a toothy business

We’ve had some carers go sick so I’m helping out with the calls this morning. I like the change. So long as everything goes to plan, I won’t be called upon to make decisions, referrals, or any of the other worries that swarm in on you when you’re medically assessing a patient. In a lot of ways a care call is therapeutic – which I realise is easy for me to say, not having to do this day-in, day-out, chasing my tail across the city, stressing about keeping ahead, making time, all for a pittance.

Geoffrey’s house is on the kind of pristine new development where everything looks fake. I wouldn’t be surprised to be met at the door by a Playmobil figure. Instead it’s June, Geoffrey’s daughter, a middle-aged woman with an aura of stress so palpable you could use it to power the neighbourhood if you only had the leads.

‘Hello,’ she says, blinking emphatically. ‘Can you put these shoe covers on?’

The interior of the house is immaculate. Which explains the shoe covers. In fact, I’m surprised June doesn’t insist on a full body suit and respirator.
‘Dad’s still in bed,’ she says. ‘I’ll come up and show you what’s what.’

I follow her up the stairs and into a room brightly lit by the sun. Geoffrey is lying on his back in bed, his hands either side of his face, gripping the covers in that cliche, ‘man lying in bed’ style.
‘This is the carer, Jim,’ says June, running up the blinds. ‘He’s come to get you ready for the day.’
‘Oh, aye?’ says Geoffrey.

June shows me into the bathroom where everything is laid out: pink flannel for the face and top half, black flannel for the bottom and legs. Creams of various kinds. A comb. Toothbrush and paste. The toothbrush is enormous, like nothing I’ve seen before, a cumbersome red plastic instrument with bristles like a carpet brush on one side and on the other, the kind of circular brush that wouldn’t be out of place snapped onto a vacuum cleaner.
‘I’ll leave you to it,’ says June, before turning on the spot and hurling herself back downstairs.

The washing and dressing goes smoothly. Geoffrey is as organised as his environment, and apart from his great age and frailty, manages everything pretty much independently. We chat about this and that. Apparently – before he retired – he used to be a dental technician.
‘Oh!’ I say. ‘That’s interesting! I know a story about dental technicians!’
‘Hmm,’ says Geoffrey. I’m putting him into his tracksuit top so he can’t do anything else but listen.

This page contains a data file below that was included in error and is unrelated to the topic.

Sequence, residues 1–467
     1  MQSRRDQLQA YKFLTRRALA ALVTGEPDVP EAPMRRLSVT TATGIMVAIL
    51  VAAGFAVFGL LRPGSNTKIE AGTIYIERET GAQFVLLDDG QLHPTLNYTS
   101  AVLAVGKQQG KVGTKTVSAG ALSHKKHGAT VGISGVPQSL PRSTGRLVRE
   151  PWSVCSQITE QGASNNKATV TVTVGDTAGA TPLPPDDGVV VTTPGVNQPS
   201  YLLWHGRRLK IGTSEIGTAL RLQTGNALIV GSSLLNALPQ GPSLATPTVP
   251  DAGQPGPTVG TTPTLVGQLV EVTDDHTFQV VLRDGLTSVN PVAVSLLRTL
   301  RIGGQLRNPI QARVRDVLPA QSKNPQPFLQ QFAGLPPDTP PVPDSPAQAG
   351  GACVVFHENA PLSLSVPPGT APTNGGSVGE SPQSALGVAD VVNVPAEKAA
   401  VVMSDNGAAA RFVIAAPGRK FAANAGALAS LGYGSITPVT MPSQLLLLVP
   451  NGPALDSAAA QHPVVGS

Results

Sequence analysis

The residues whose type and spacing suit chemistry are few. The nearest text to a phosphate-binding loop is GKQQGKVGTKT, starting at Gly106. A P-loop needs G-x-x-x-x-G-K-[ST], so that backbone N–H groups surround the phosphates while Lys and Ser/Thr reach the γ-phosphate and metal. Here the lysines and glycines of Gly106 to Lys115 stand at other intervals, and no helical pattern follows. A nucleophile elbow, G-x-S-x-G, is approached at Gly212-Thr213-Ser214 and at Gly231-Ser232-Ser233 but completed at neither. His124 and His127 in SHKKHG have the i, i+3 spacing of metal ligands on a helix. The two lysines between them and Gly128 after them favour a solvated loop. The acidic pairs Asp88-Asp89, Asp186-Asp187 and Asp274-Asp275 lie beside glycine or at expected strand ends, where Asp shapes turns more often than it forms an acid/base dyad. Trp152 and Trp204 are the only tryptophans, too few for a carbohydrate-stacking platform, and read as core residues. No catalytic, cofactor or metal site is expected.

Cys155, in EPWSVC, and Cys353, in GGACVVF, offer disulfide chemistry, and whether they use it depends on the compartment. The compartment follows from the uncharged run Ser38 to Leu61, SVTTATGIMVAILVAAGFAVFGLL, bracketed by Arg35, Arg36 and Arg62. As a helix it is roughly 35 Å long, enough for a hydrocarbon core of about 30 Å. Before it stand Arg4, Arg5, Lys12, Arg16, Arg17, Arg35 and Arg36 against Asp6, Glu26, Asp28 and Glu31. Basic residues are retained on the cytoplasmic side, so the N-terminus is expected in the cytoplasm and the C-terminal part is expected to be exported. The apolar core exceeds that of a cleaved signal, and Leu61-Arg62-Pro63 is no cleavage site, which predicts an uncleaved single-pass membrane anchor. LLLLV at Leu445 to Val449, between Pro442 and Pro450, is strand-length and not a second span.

‘You know that local natural history museum? Well the professor who used to run that place also helped the police out now and again. He was such an expert on bugs and beetles and skeletons and whatnot, they used to call him in for advice.’
‘Oh, aye?’ says Geoffrey. I hand him a comb to sort his hair out.
‘Well – this one time, they asked him to look at a building site. The builders were renovating an old house and they found a load of teeth in the basement, which looked suspicious. But when the professor examined them, he said it must have been the site of an old dentures workshop, and you could tell by the tiny holes near the root of the teeth, where they used to wire them together.’
‘Wire them…’ says Geoffrey. ‘Yes.’
I pass him his strange toothbrush.
‘Over to the expert!’ I say.

He carefully smothers the big brush with toothpaste, wets it under the tap, then starts busily scouring his teeth. It goes on for such a long time I’m worried he won’t have any teeth left. There’s a lot of spitting and hawking into the sink, followed by more brushing, followed by more spitting, and when five minutes have passed and I’m wondering if I should make an intervention, he unexpectedly puts the plug in the sink and starts filling the basin so full of cold water I’m worried it’ll overflow. But just as the level nears the top, he turns the taps off, then pulls out his top set, holds it under the water, and starts attacking it with the round bit of the brush. He scrubs it underwater for ages, pulling it out to inspect it occasionally, plunging it back under again to scrub some more, hawking and spitting into the basin the whole time. It’s a furious, all-elbows kind of procedure. I’ve never seen anyone clean their teeth like this before and I’m fascinated – so much so that I almost forget to catch him when he leans back unsteadily a few times.
‘There!’ he says, breathing hard, finally pulling the plug and inserting the top set back into position. ‘Now, then – what’s for breakfast?’

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